Why India needs a Uniform Civil Code
The whole controversy of the implementation of the Uniform Civil Code got a fresh breath of air after Shiv Sena signaled that BJP is likely to introduce it in the upcoming parliament session. It is to be noted that BJP promised the abrogation of article 370 and the implication of the Uniform Civil Code in their 2019 general elections manifesto. The opposition ridiculed the idea by classifying it as a political gimmick.
Wikipedia defines the Uniform civil code as “the ongoing point of debate regarding the Indian constitution’s mandate to replace personal laws based on the scriptures and customs of each major religious community in India with a common set of rules governing every citizen”. In layman’s terms, UCC refers to the common law that will be applied to every citizen of the nation irrespective of their religion. As of now, there are various laws for different religions like Hindu law acts 1955-56, Muslim personal laws (Shariat) application act 1937, Parsi marriage and divorce act 1936, etc. pertaining to matters of marriage, divorce, property and so on. However, the exception is in the case of Goa which has a functioning Uniform Civil Code.
UCC has a long history. Back to the times when the Indian Constitution was being drafted, Dr. Bhimrao Ramji Ambedkar wanted to include it in the constitution but he cautioned that this couldn’t be done by force. In the constituent assembly when the matter came up for the discussion, Ambedkar vehemently opposed the Muslim leaders who criticized the UCC on the religious grounds. India’s first Prime Minister could be said of the same opinion too. Jawaharlal Nehru wanted to implement UCC too but he felt that in his times, given pre and post-independence war, if they enacted the law then it will cause Muslims to feel insecure. He stated that UCC had his extreme sympathy but the time wasn’t ripe for it. This all resulted in article 44 of the Indian Constitution which states that “The State shall endeavour to secure for the citizens a uniform civil code throughout the territory of India”.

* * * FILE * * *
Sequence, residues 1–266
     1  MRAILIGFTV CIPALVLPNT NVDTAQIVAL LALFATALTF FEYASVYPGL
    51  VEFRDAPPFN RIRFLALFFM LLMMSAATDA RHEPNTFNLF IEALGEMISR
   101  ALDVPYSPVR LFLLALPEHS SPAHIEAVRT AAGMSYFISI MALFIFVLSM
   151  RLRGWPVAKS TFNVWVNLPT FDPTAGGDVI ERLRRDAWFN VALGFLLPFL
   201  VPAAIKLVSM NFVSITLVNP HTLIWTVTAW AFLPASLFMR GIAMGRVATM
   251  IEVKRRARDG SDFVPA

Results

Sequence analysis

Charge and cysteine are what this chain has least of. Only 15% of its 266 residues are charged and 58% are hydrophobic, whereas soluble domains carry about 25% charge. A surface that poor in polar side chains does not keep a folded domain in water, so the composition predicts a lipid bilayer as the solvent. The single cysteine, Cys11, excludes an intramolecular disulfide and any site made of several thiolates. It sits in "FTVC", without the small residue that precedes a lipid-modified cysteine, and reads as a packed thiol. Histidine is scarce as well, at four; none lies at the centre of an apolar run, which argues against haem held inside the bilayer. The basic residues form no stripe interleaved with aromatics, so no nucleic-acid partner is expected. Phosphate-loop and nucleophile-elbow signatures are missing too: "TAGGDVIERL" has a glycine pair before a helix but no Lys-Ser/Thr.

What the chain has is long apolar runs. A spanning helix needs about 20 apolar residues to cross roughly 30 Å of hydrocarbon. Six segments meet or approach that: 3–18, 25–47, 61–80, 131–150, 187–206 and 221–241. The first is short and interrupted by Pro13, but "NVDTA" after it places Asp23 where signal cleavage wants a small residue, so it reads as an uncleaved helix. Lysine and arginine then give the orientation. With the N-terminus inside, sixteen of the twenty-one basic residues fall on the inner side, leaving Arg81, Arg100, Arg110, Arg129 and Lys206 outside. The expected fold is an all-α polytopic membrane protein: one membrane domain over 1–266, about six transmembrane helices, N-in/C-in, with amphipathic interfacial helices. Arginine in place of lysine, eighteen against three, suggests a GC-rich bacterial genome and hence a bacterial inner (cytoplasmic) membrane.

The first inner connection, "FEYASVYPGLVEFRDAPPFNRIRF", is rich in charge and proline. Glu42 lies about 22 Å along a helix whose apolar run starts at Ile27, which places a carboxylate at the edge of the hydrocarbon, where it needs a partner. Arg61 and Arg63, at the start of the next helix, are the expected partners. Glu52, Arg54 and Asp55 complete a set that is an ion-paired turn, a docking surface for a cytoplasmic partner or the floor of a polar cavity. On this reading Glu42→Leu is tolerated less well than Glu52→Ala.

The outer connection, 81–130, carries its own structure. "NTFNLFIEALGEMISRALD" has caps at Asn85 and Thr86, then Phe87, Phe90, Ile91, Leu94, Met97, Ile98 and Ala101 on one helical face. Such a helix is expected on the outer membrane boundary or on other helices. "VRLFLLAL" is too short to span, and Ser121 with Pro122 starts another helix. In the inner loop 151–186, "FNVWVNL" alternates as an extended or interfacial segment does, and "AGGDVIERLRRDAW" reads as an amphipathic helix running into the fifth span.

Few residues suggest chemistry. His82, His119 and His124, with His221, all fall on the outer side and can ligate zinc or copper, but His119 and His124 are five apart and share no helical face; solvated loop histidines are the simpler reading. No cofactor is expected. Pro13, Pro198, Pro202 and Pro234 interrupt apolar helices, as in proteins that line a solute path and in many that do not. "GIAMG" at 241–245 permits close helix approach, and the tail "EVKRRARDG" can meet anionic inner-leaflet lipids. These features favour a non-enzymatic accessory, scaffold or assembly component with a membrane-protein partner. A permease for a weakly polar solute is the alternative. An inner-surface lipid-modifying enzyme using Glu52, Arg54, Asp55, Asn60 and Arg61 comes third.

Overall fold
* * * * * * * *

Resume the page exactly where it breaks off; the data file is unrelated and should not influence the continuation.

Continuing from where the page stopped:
This delay in the implementation of the UCC has contributed a lot to the oppression of women. A classic example may be the Sarala Mudgal versus Union of India case (1995) in which a lady complains that after 30 years of marriage her husband converted to Islam and married another lady without giving divorce to her. According to Islamic Personal Law, a person can have as many as four wives at the same time. There are other similar cases too resulting in the persecution of the women.
At times and again, the Supreme Court of India has reminded the government to bring in the UCC. Recently on 14 September, a Bench of Justices Deepak Gupta and Aniruddha Bose said that the government has done nothing to bring in the Uniform Civil Code. The apex court cited the example of Goa where the Uniform Civil Code applies to everyone.
Upon being asked about the Uniform Civil Code, Former Union Minister and veteran Congress leader Shashi Tharoor said that it is not a bad idea. Unfortunately, unlike him, many of his fellow Congressmen are not very pleased with the idea. They allege that the BJP is Anti-Muslim and is trying to harass Muslims through the implication of the Uniform Civil Code. Ironically, by going through the same definition of “anti-muslim” the Supreme Court of India and the muse of the Congress party Jawaharlal Nehru would fall in the same category as they also supported the Uniform Civil Code. On the closing note, political parties should rise above the appeasement politics, which is very unlikely, and should unite at least when the matter is of the welfare of the nation.
Apart from being a journalism student, I am a bibliophile.